Monday, March 29, 2010

Adding HTTP Authentication to Tomcat Container

I used the following method to secure the entire application. We use .htaccess based authentication setup in apache. I wanted a same sort of setup in tomcat instance.

Initially I added a user in the $catalina_home/conf/tomcat-users.xml

Then I add the security constraint in the web.xml of the application. In my case it was the default application ROOT. Hence I added the following entries in $catalina_home/webapps/ROOT/WEB-INF/web.xml

Entire Application


Authenticate yourself

The role that is required to log in to the Manager Application


Hence all the users under the security role "agroup" will be able to access the applicationn.

Hope this helps some one somewhere..

Thursday, March 18, 2010

Bash Script to send email using smtp authentiation and bash file descriptors

Sometimes we require bash script to perform some operation and use a remote mail server to send mails. In this instance we require smtp authentication for the remote server to allow this operation.

The script was copied from the link which describes networking with the help of file descriptors.

I just added a smtp authentication part.

Please ensure that others do not have access to your bash history for security reasons.


sh filecontainingmessage youremailpassword



# 2008 - Mike Golvach -
# 2010 - Rayber
# Creative Commons Attribution-Noncommercial-Share Alike 3.0 United States License

if [ $# -ne 7 ]
echo "Usage: $0 FromAdress ToAdress Domain MailServer MailTextFile AuthEmail AuthPass"
exit 1

authemail=`echo $6|openssl enc -base64|awk 'sub("..$", "")'`
authpass=`echo $7|openssl enc -base64|awk 'sub("..$", "")'`

if [ ! -f $mailtext ]
echo "Cannot find your mail text file. Exiting..."
exit 1

exec 9<>/dev/tcp/$mailserver/25
echo "HELO $domain" >&9
read -r temp <&9
echo "$temp"
echo "auth login" >&9
read -r temp <&9
echo "$authemail" >&9
read -r temp <&9
echo "$authpass" >&9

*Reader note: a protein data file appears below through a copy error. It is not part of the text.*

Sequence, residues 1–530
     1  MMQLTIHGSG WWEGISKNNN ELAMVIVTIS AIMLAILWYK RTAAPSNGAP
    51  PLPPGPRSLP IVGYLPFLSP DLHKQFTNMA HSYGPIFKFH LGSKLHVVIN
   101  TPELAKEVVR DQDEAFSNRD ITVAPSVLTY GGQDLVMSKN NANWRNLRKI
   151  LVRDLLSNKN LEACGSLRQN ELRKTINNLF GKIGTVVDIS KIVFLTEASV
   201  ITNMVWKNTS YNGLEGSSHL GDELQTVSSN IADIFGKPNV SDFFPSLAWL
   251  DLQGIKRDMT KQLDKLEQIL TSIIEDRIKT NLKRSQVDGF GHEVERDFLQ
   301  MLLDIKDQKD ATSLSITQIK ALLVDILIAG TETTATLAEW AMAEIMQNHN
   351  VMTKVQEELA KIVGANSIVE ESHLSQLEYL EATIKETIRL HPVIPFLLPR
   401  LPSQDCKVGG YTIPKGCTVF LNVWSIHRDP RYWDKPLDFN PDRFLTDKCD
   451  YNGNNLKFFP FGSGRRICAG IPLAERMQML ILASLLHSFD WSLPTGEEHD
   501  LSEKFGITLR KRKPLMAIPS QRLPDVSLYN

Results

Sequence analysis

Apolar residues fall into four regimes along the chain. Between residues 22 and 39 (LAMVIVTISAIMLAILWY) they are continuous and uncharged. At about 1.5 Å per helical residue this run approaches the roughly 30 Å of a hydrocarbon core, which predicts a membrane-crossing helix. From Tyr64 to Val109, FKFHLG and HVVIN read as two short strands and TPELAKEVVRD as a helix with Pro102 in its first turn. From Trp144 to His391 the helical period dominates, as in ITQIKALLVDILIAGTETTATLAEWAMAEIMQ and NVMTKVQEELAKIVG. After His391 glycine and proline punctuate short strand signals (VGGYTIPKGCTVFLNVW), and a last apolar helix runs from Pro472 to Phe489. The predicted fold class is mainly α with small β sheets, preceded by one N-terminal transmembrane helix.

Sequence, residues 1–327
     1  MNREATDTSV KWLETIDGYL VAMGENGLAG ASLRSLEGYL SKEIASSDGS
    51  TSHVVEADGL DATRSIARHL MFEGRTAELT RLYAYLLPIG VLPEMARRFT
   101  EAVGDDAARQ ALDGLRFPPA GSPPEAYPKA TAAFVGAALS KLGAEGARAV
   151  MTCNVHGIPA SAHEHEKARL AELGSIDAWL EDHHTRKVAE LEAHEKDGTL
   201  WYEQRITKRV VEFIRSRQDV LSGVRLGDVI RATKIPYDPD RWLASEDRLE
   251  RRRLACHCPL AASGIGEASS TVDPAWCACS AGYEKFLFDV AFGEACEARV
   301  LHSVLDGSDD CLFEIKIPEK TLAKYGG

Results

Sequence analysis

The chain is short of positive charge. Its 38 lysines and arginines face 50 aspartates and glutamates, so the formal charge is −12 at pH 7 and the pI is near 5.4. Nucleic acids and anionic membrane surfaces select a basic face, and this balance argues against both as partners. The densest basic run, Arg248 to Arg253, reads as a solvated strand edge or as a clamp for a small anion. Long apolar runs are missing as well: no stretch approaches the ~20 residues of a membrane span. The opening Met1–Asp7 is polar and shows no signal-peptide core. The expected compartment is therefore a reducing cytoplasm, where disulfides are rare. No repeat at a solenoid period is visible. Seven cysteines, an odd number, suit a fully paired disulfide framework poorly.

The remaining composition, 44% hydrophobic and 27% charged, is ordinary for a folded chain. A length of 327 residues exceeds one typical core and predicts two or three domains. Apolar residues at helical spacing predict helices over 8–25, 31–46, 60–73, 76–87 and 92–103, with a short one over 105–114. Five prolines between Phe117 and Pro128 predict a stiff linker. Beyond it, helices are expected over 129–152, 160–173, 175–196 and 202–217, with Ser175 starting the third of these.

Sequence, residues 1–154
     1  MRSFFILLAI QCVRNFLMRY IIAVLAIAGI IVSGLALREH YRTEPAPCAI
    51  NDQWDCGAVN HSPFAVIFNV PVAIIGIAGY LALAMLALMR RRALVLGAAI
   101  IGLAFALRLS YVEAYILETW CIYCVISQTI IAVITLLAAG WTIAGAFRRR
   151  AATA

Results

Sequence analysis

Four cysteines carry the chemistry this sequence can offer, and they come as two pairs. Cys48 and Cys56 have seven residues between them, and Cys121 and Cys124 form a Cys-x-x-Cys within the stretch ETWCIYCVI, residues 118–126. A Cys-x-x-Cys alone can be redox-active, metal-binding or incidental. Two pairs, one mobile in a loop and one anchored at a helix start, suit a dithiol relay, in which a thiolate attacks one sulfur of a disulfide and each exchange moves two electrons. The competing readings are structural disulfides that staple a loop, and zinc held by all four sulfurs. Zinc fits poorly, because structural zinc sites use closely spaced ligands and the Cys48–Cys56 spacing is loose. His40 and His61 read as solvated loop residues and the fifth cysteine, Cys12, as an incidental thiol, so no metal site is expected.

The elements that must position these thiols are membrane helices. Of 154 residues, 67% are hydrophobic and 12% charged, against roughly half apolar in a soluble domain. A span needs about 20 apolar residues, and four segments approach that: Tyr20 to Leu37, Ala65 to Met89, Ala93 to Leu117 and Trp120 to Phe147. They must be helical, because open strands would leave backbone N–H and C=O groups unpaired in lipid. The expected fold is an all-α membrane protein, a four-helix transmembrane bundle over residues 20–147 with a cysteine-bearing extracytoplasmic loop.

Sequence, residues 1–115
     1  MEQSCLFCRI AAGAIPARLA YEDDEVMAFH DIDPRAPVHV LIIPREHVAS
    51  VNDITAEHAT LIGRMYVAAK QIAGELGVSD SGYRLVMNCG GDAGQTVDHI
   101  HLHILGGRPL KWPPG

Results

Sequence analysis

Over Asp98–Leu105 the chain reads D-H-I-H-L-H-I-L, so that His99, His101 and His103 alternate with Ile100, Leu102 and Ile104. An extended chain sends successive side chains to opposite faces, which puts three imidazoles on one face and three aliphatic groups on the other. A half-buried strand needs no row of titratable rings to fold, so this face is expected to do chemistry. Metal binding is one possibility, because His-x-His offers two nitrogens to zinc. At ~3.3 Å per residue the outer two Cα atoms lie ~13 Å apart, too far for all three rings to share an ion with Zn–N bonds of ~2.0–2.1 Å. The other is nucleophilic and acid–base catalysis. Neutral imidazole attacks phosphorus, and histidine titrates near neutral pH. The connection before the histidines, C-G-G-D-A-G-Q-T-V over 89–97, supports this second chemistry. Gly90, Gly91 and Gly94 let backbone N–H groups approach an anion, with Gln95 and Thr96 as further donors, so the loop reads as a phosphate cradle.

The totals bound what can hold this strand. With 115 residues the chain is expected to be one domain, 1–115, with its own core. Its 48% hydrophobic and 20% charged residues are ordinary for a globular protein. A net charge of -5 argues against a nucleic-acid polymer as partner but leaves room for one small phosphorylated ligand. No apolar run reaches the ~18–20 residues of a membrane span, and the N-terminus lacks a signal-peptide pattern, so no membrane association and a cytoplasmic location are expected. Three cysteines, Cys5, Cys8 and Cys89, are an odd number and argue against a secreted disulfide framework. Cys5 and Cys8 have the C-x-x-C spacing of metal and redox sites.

read -r temp <&9
echo "Mail From: $from" >&9
read -r temp <&9
echo "$temp"
echo "Rcpt To: $to" >&9
read -r temp <&9
echo "$temp"
echo "Data" >&9
read -r temp <&9
echo "$temp"
cat $mailtext >&9
echo "." >&9
read -r temp <&9
echo "$temp"
echo "quit" >&9
read -r temp <&9
echo "$temp"
echo "All Done Sending Email. See above for errors"
exit 0

When you run the script you should get a output similar to the following output.

235 2.7.0 Authentication successful
250 2.1.0 Ok
250 2.1.5 Ok
354 End data with .
250 2.0.0 Ok

Tuesday, March 9, 2010

Remove or Disable svn authentication data

When you issue a svn co statement the authentication gets cached in the home directory of the user.

svn co
Authentication realm: Subversion Repository
Username: test
Password for 'test':

The authentication information gets stored in a cache /root/.subversion/auth/svn.simple directory.

o remove cached data go to “.subversion/auth/svn.simple” folder and delete the particular file.
There will be key (K)-value (V) pairs. “username” and “svn:realmstring” together can identify the user.
So use for example:

grep servername ./*

to find the right file.

Disable caching by opening “config” file in “.subversion” folder and setting the values of “store-passwords” and “store-auth-creds” to “no” or use --no-auth-cache as command line argument.